The liberal stance may not be shared by a majority of the people in Ethiopia. It certainly is not shared by Abiy's administration. There could be strong arguments made by reasonable minds for limiting free speech. The real damage that can be caused by hate speech, misinformation and fake news should not be underestimated. That is all understandable. Aristotle established three guidelines to determine when a speech becomes dangerous: It has to come from a powerful speaker with a high degree of influence over the audience; the existence of a vulnerable, impressionable audience, with grievances and fear that the speaker cultivates; and, a speech act that is clearly understood as a call for violence.
It is obvious that in a time of uncertainty and so much chaos, citizens may even wish for a benevolent dictatorship, let alone the limitations of some rights. There is a lot of wishful thinking surrounding the surprisingly little conversation that is going on about the subject.
Speeches made, despite their content, with the intention of causing physical violence should meet the full force of the law and the state should show no reluctance to fulfill its constitutional obligations in protecting citizens and their properties. No ambiguity here! But as the American analyst Susan Benesch would argue, the state should prove that the speech perceived to be dangerous was made "in a social or historical context that is propitious for violence" and through "a means of dissemination that is influential in itself, for example, because it is the sole or primary source of news for the relevant audience."
However, the instruments used to combat them, as a Committee in the House of Lords in the UK recommends, is not "more repressive laws but more free speech to combat bigotry and promote tolerance."
Contrary to this convention, a statement from the Prime Minister’s Office rationalizing the bill argues that it aims at addressing the erosion of the nation’s “social cohesion, political stability and national unity.”
It would have been nice if such fundamental problems could be fixed with the simple act of passing one magic bullet legislation. But the reality is that hiding the dirt under the carpet never gets one a clean house.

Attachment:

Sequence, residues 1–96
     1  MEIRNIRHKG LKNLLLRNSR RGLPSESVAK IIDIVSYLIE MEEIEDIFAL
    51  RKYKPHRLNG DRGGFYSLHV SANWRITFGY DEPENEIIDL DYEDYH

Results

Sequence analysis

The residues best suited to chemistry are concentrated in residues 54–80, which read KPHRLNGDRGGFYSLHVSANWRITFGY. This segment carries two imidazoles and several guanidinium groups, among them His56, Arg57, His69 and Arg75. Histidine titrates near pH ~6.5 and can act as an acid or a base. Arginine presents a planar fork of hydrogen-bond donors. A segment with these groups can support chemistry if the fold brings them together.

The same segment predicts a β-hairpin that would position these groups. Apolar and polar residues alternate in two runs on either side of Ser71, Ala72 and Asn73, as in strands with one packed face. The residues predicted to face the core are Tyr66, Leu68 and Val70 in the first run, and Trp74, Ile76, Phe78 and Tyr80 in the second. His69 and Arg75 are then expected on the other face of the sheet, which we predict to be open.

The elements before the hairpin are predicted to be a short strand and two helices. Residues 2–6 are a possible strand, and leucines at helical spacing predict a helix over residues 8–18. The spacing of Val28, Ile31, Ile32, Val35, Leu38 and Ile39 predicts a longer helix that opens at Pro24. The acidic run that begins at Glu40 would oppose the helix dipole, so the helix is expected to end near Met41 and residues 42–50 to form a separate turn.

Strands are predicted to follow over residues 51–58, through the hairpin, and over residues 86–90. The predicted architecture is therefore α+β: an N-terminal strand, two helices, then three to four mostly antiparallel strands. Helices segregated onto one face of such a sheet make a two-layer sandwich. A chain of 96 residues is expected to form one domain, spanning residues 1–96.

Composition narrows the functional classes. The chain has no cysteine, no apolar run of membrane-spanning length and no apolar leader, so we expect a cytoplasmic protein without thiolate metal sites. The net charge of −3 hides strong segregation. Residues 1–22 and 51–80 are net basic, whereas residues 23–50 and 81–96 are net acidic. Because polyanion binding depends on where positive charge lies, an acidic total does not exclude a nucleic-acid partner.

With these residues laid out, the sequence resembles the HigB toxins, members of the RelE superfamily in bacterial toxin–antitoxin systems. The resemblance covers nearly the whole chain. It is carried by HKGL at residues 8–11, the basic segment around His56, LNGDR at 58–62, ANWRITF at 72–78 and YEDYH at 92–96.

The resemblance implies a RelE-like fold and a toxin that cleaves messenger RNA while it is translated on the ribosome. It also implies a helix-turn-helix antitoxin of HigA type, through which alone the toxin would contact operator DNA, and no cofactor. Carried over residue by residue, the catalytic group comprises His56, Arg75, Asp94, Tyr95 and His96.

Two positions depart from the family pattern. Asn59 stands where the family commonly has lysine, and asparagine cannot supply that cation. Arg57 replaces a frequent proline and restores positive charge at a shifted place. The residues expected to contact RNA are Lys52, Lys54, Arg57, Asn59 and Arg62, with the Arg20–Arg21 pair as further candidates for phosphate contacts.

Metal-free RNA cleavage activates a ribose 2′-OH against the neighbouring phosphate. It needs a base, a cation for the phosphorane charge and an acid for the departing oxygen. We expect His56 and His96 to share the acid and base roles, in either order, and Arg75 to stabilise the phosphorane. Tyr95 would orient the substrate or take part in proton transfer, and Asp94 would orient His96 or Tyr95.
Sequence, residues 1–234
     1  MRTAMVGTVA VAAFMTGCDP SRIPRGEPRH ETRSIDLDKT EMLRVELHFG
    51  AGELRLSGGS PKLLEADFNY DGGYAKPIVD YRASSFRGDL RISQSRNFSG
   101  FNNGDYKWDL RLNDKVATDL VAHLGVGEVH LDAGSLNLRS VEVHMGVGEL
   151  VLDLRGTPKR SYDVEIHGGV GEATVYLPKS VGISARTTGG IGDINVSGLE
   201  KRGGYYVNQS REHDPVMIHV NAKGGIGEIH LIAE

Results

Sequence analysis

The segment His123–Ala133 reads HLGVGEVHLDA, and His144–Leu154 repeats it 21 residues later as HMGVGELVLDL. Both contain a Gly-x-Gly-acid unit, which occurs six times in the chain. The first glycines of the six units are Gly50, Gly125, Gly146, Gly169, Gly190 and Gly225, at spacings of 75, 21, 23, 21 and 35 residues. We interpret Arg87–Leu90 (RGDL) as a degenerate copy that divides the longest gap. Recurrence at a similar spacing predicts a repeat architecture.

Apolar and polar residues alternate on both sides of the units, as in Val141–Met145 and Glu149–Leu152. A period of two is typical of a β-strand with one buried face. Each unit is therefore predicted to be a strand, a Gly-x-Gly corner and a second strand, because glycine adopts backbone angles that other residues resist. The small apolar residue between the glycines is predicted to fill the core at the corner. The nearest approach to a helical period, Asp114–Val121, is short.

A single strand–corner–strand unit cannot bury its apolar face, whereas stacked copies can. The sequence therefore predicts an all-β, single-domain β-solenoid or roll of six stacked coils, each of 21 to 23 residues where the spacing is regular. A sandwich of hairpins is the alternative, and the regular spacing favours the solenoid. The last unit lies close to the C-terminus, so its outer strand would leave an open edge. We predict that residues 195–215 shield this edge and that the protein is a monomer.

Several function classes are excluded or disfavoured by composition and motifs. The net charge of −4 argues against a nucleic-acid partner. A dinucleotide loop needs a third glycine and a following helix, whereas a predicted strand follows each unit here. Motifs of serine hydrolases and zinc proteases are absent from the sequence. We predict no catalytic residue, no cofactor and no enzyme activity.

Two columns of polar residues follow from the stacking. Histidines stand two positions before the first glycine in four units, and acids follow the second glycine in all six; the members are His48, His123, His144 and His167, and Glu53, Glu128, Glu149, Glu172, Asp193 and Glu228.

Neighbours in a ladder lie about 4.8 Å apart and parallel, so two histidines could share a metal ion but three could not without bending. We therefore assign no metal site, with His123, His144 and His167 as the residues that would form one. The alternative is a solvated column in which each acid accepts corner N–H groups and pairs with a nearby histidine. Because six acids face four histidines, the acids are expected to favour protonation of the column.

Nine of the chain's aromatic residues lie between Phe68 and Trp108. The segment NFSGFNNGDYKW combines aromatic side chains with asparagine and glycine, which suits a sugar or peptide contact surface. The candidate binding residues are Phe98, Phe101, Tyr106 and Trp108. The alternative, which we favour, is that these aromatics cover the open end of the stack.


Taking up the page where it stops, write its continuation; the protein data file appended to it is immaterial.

The erosion of social cohesion and national unity are rather fomented in the dark when the most stringent laws limit public discussion and dialogue. These things were not created because of the relative freedom enjoyed in recent times. They only came to light and have gotten aired out now. Driving these thoughts back into the dark alleys will not make them disappear.
It is important to remember that the political forces and their leaders that may be peddling hate speech and inter-communal violence are not new political actors. They were not born in the less than two-year period since the ascendance to power of Abiy and his allies. They are old actors born and raised under the harshest laws the country has seen such as the anti-terrorism legislation. If stringent laws were the solution, they would have gone out of existence a long time ago.
Repression? It is not the solution; it is rather the wrong medicine for the problem. Further exposure and continuous debate is the cure. It is certainly not an overnight cure, but in the long term, it is the most workable treatment.
Even more importantly, the very resistance and debate that goes on in public forums could enrich and sharpen the bill. The input forwarded in these sessions could have strengthened the law by bringing new ideas overlooked in the crafting process. By being consulted and a part of the law-making process, citizens, even those whose ideas may ultimately lose out, come to take ownership of the law. And that is the best guarantee that the law will be complied with. It is unfortunate that Abiy's administration and the authors of the bill put more trust in their muscle than in the power of their argument.
As Timothy Ash may say, they win "legal bans not through the strength of their arguments but through the argument of their strength."
PUBLISHED ON Nov 16,2019 [ VOL 20 , NO 1020]
Editorial | Feb 09,2019
Verbatim | Mar 16,2019